Thou passest in peace across the heavens, and art victorious over all thy foes.

Praise to thee who art Ra when thou risest, and Tmu when in beauty thou settest. The dwellers in the land of night come forth to see thee ascend the sky. I, too, would join the throng; O let me not be held back.

Hymn of praise to Osiris.

Praise be unto thee, Osiris, lord of eternity, who appearest in many guises, and whose attributes are glorious.

Thou lookest towards the underworld and causest the earth to shine as with gold.

The dead rise up to gaze on thy face; their hearts are at peace if they but look on thee.


Prayer. Praise to thee, O lord of the starry gods of Annu, more glorious than the gods hidden in Annu.

Answer (repeated after each prayer). Grant thou me a peaceful life, for I am truthful and just. I have uttered no falsehoods nor acted deceitfully.

Prayer. Praise to thee, O Ani; with thy long strides movest thou across the heavens.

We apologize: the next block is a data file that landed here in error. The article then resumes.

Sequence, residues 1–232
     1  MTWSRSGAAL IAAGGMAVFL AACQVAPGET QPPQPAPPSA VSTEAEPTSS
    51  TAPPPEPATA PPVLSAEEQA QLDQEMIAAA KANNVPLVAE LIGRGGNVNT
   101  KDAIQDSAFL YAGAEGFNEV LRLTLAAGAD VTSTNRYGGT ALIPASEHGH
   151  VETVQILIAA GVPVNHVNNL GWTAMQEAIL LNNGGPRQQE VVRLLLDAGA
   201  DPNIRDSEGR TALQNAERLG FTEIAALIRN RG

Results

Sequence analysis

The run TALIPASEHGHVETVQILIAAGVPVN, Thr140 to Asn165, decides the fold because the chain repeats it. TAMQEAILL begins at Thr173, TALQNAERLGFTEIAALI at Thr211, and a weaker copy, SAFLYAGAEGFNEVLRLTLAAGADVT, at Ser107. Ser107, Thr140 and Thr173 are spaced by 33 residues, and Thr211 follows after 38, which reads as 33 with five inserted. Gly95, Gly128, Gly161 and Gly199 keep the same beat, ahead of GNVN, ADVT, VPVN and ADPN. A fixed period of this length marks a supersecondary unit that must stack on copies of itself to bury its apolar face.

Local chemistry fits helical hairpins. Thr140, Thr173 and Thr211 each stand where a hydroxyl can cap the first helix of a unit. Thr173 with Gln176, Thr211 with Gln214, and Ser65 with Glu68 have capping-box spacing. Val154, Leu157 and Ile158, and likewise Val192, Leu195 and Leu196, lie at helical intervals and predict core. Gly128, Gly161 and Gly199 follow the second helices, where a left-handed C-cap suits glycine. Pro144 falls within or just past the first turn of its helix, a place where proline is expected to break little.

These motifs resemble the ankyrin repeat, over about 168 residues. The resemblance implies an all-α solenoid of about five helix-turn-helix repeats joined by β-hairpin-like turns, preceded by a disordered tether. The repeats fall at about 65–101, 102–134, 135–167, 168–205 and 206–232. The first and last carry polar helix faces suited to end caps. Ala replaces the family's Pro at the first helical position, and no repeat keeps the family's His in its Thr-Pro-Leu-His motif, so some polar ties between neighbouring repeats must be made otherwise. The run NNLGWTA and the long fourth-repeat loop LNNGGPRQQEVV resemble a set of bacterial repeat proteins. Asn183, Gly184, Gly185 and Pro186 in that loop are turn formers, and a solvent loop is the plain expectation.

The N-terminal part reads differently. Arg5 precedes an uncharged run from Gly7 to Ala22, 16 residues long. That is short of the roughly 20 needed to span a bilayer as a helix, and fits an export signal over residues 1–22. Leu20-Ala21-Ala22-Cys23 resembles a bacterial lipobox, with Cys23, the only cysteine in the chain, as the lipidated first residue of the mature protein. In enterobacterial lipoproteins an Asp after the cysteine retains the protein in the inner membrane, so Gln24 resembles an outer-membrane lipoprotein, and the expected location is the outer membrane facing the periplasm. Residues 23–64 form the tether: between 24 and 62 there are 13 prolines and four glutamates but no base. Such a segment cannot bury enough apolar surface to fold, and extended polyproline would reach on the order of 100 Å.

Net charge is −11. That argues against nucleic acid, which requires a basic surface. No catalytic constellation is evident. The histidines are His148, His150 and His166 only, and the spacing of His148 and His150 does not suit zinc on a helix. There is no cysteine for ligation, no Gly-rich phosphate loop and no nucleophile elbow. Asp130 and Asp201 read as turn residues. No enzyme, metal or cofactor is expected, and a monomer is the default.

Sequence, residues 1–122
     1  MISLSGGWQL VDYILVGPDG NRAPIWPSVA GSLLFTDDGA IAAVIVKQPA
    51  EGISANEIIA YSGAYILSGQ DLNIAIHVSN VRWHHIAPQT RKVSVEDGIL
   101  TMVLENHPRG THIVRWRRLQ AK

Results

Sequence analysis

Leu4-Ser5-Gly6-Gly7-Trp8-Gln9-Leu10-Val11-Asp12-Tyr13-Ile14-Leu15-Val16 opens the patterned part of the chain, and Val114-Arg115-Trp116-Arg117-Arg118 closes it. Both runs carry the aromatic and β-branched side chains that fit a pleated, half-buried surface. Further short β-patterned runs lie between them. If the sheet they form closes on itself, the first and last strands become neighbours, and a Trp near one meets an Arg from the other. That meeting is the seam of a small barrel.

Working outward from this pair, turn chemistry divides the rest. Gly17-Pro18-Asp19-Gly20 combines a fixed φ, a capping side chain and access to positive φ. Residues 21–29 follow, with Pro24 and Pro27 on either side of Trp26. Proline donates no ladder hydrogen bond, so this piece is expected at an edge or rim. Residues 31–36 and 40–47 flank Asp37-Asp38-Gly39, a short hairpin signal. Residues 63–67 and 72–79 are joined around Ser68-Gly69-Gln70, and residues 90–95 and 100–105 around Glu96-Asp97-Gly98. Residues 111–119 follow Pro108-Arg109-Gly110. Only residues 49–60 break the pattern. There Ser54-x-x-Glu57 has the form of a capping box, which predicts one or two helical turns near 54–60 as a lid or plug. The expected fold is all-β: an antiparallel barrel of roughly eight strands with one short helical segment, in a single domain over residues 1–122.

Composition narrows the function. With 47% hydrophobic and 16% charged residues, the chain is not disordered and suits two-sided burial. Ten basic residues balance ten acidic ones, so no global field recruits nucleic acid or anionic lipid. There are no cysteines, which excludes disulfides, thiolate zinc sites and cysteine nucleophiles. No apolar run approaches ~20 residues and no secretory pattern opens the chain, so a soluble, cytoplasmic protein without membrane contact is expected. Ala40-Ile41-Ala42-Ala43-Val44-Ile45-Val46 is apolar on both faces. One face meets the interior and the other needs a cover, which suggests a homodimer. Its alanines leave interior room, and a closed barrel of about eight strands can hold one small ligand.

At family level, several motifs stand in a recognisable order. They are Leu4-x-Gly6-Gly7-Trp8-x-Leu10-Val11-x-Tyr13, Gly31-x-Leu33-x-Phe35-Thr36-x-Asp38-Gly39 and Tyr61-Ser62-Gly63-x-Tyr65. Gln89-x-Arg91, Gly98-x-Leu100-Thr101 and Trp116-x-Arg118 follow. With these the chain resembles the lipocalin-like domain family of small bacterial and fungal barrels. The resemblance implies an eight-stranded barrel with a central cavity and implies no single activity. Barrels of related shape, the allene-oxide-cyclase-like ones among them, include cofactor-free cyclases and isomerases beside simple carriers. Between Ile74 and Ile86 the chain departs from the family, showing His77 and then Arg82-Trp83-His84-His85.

Prayer. Praise to thee, O thou who art mighty in thy hour, great and mighty prince, lord and creator of eternity.

Prayer. Praise to those whose throne is Right and Truth, who hatest fraud and deceit.

Prayer. Praise to thee who bringest Hapi [the Nile]; in thy boat from his source.

Prayer. Praise to thee, O creator of the gods, thou king of the North and the South. O Osiris, the all-conquering one, ruler of the world, lord of the heavens.


About the mystery of the underworld and about travelling through the underworld.

When he sets on the underworld the gods adore him. The great god Ra rises with two eyes [sun and moon]; all the seven gods (Kuas) welcome him in the evening into the underworld. They sing his praises, calling him Tmu. The deceased one says, "Praise be to thee, O Ra, praise be to thee, O Tmu. Thou hast risen and put on strength, and thou settest in glorious splendour into the underworld. Thou sailest in thy boat across the heavens, and thou establisheth the earth. East and West adore thee, bowing and doing homage to thee day and night."


[This is one of the oldest (cir. B.C. 2700) and most remarkable chapters, though also one of the hardest to follow in its details. The vignettes reproduced in the editions of Davis, Renouf, and Budge help considerably in following the line of thought. An exact copy of this chapter has been found on the tomb of Horhotep.